The Higgs boson and what it means for technology

In the early universe, particles had no mass, so scientists have long wondered how stars, planets and extra life came to be. In 1964, physicists Francois Englert and Peter Higgs and others theorized that a force field gave particles mass when they connected, but they could not document the existence of the entity.

The discovery of the Higgs boson particle, part of the hypothetical force field, earned Englert and Higgs a Nobel Prize in Physics.

The particle has fascinated scientists and the general public. CERN and the collider feature prominently in Dan Brown’s book and in the adapted movie ‘Angels & Demons’.

But now researchers want to answer trickier questions, especially those surrounding dark matter.

During the four-year Large Hadron Collider experiment, scientists hope to find evidence for the presence of dark matter. By turning on the machine, the protons will spin almost at the speed of light. The hope, the researchers say, is that when they collide, it creates new particles that resemble the properties of dark matter.

They also hope to learn more about the behavior of the Higgs boson particle. On Tuesday, shortly after the collider began collecting data, scientists at CERN announced they had found three new “exotic” particles that could provide clues to how subatomic particles bind.

“High-energy colliders remain the most powerful microscope at our disposal to explore nature at the smallest scales and uncover the fundamental laws that govern the universe,” said Gian Giudice, Head of CERN’s Theory Department.

At the Large Hadron Collider, a glimpse into the future of science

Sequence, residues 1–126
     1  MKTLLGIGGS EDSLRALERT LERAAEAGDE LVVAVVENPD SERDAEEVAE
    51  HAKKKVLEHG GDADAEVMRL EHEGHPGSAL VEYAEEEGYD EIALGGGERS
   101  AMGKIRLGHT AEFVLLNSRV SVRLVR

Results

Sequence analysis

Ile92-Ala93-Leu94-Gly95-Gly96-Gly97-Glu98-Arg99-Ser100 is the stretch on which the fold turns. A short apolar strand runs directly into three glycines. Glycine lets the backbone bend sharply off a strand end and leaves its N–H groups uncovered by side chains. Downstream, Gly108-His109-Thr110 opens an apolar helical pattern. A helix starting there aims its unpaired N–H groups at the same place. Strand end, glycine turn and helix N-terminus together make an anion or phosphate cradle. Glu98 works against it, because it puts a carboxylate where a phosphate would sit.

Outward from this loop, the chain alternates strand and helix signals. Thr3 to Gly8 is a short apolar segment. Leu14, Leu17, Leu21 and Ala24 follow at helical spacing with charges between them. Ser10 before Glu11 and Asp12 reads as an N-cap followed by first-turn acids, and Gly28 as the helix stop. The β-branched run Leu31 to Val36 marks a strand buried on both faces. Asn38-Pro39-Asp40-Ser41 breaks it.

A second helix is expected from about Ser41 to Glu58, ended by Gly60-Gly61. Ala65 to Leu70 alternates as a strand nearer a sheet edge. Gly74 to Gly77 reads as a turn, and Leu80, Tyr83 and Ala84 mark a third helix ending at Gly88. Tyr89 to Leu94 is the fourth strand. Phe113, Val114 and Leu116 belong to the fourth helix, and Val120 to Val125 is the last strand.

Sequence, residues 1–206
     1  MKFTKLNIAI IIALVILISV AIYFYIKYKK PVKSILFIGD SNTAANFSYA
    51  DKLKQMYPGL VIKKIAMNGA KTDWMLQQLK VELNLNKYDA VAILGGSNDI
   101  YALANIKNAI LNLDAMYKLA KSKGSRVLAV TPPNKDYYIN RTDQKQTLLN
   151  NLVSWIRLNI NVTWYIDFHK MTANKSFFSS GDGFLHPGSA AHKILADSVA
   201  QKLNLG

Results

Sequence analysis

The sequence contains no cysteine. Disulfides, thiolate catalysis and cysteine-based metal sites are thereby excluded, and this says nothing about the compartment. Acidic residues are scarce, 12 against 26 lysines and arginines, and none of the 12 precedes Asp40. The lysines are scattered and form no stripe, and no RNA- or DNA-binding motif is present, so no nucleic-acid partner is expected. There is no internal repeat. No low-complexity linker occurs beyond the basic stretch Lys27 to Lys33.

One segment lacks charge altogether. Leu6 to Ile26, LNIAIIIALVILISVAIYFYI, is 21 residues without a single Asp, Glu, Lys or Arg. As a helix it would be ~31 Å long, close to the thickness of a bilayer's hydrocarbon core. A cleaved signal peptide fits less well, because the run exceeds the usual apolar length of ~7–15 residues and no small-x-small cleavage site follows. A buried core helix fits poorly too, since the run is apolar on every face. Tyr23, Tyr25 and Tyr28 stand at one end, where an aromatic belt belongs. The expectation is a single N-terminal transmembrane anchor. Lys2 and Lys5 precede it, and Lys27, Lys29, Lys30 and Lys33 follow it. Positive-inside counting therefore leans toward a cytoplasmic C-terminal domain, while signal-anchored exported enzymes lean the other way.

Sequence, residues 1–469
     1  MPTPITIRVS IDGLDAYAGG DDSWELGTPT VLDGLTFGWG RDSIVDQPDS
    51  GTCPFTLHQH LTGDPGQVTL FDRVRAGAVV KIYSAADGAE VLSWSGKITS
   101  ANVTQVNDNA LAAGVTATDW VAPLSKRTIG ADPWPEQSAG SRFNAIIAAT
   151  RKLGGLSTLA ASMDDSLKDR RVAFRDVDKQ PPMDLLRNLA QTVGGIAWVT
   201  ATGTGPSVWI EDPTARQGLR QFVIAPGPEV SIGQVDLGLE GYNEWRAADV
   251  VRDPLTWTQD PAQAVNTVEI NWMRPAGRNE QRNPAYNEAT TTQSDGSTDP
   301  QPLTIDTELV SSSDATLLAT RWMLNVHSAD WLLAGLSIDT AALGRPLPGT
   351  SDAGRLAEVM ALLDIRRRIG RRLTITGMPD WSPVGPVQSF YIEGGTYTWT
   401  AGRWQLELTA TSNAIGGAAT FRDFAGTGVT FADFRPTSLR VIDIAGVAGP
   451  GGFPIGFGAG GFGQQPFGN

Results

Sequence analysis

Ruderman, of New York University, said CERN’s quest to learn more about dark matter and explain the origins of the universe has led it to eagerly await the results of the experiment. Research excites him a lot. “That’s why I wake up in the morning,” he says.

Once data starts coming out of the experiment, Ruderman will see if it produces any new particles. Even if it is, it will be difficult to immediately tell whether it is dark matter or not.

First, they will need to assess whether the particle in question emits light. If so, that makes it less likely to be dark matter. Second, the particle should show signs of being around for a long time and not decay immediately, because dark matter should in theory be able to last for billions of years. They also hope the particle behaves similarly to current dark matter theories.

Ruderman said it could take more than four years to make the discovery.

If CERN scientists do not discover dark matter within the next four years, further improvements are in the works. Upgrades will likely take three years after the current run is discontinued, leaving the fourth cycle of data and experiment collection to begin in 2029.

As expected, the test could capture 10 times more data than previous experiments, according to the CERN website. But unlocking the secrets of the universe is not easy.

“It’s difficult,” Ruderman said, “and something that could take a lifetime of exploration.”